The PDO also has a relation to the IAS dipole (Fig. 8c). However, the PDO’s relation varies depending on the strength of the PNA and ENSO. To distinguish between the influence of the PNA and the influence of the Niño-3.4 with respect to the PDO, a comparison was done after calculating the partial correlation of the PDO index and SST anomalies by controlling the PNA index or the Niño-3.4 index. Figure 8c shows the difference in March–April explained variance of the PDO when the PNA is controlled minus when the Niño-3.4 is controlled. It is clear that in the Gulf of Mexico the PDO index has greater explained variance when the Niño-3.4 index is controlled versus when the PNA index is controlled. However, in the Caribbean and the TNA the PDO index has less explained variance when the Niño-3.4 index is controlled versus when the PNA index is controlled. This, again, indicates a greater association between PNA and the Gulf of Mexico variability, and between Niño-3.4 and the Caribbean Sea variability.

c. Time-scale distinctions

To further explore the remote areas related to the IAS SSTA dipole we apply a 5-yr temporal filter to the SSTAs and then recalculate the CBN − GMX difference of SSTAs obtaining high-pass and low-pass dipole indices. The 5-yr high-pass dipole variability is strongly related to ENSO tropical Pacific SSTAs (Fig. 9, left column). The tropical Pacific SSTAs correspond to an ENSO event that decays by late spring but that still has significant SSTAs during early spring. The anomalies in the Gulf of Mexico are stronger in March and are significant throughout the spring season until May. However, the Caribbean SSTAs extend longer from January to July. This is probably related to the difference on how the Gulf of Mexico and the Caribbean Sea are forced. The Gulf of Mexico is essentially forced by the meridional advection of drier air associated with the winter frontal passages occurring across the southern tier of the United States. This variation in storm tracks is mostly in association to Pacific variability during the winter to early spring months. The Caribbean and the TNA respond mostly to the easterly low-level wind anomalies, which have more to do with the NASH and are thus not limited to the early months of the year, but can occur throughout the year. That is, the longer persistence of Caribbean SSTAs is likely due to positive ocean–atmosphere feedback within the tropical Atlantic.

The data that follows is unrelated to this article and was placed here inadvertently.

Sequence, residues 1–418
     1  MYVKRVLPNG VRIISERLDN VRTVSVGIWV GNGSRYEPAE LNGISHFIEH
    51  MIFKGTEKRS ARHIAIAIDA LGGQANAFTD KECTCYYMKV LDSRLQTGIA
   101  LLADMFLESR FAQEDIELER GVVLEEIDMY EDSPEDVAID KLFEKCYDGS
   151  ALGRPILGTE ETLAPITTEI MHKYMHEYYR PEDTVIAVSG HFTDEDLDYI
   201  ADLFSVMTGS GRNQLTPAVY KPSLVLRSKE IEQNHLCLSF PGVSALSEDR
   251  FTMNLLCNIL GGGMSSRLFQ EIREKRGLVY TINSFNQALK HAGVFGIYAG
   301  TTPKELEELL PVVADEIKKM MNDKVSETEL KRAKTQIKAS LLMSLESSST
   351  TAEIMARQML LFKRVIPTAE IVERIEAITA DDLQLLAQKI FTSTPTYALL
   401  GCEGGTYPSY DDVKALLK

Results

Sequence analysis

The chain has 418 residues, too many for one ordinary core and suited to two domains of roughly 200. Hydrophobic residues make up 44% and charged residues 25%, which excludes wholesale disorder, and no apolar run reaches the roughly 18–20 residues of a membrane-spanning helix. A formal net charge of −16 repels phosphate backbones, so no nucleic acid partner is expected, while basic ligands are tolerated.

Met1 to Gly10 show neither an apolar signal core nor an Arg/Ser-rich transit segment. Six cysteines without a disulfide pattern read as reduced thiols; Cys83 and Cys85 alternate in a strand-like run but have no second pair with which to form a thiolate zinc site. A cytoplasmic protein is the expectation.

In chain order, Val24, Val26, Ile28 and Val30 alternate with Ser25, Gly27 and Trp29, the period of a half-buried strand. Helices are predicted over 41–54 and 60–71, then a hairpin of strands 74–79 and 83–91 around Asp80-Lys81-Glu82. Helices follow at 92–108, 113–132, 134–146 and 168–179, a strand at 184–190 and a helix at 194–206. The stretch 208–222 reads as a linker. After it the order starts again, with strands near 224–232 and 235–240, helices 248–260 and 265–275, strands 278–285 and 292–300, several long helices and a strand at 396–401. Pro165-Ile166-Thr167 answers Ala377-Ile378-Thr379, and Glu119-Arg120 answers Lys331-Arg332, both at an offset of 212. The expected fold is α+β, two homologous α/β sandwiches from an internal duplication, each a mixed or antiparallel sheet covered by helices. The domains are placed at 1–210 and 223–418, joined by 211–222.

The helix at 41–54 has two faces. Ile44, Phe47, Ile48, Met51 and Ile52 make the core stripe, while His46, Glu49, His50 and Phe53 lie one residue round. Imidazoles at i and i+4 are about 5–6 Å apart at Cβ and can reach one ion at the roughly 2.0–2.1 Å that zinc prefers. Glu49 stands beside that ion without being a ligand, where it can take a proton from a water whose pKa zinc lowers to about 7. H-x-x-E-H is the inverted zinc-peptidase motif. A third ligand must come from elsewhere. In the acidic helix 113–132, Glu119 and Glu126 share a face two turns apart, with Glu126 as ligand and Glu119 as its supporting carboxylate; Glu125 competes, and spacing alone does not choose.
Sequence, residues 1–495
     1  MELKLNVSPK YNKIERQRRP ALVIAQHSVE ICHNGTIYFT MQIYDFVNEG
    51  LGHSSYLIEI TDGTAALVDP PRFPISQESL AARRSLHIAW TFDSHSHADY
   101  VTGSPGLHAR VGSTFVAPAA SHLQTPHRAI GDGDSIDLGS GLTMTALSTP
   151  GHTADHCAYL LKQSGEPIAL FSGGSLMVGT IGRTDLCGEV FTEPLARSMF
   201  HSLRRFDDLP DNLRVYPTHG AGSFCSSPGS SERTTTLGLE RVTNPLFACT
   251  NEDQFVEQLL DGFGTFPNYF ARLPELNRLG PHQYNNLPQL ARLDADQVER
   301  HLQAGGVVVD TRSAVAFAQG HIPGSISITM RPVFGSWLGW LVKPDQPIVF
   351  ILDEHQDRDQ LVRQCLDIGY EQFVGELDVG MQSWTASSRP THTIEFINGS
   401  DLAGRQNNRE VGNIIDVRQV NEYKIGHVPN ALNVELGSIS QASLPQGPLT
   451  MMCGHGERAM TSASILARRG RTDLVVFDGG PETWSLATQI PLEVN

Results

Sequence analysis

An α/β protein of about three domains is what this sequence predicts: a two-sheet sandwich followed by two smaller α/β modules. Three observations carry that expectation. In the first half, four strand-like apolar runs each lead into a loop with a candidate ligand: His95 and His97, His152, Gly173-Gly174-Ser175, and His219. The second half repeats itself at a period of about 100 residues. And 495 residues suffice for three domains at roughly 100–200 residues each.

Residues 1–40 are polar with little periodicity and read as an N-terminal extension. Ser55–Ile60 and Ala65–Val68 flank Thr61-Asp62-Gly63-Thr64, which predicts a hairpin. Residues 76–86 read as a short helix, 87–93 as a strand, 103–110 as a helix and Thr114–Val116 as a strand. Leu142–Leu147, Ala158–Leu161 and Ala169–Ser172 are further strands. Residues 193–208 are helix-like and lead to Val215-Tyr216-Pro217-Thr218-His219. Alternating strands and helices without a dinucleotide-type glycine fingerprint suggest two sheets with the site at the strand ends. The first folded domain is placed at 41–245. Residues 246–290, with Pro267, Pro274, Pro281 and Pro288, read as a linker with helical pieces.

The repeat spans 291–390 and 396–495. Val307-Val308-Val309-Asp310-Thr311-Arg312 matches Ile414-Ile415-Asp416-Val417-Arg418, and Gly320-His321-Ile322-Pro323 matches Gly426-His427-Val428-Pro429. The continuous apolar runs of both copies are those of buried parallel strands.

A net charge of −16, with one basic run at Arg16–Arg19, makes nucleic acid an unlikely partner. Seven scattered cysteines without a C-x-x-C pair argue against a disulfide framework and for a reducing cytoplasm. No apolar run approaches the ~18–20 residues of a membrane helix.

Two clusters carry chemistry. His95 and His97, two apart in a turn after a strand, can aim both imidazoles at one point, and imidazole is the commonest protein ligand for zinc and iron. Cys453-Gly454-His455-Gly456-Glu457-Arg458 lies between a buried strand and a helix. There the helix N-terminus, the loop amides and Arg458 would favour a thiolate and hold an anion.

The 5-yr low-pass IAS dipoles are not as strong in the IAS as they are between the oceanic region east of the United States and the Caribbean–TNA. Also, they are not related to ENSO anomalies (Fig. 9, right column). They are mostly related to a band of Pacific SSTAs that extends from the subtropical central Pacific to the western coast of the United States. Associated with the development of this band there is also a region of opposing SSTAs to its northwest centered at about 35°N, 160°W. This pattern is similar to the one identified by Chiang and Vimont (2004) as the Pacific meridional mode. In fact, the correlation of the low-pass IAS dipole index and the PMM is 0.55. Also, Paegle and Mo (2002) identified a similar pattern in December–February (Fig. 12d of Paegle and Mo 2002) associated with latitudinal variations of precipitation over South America.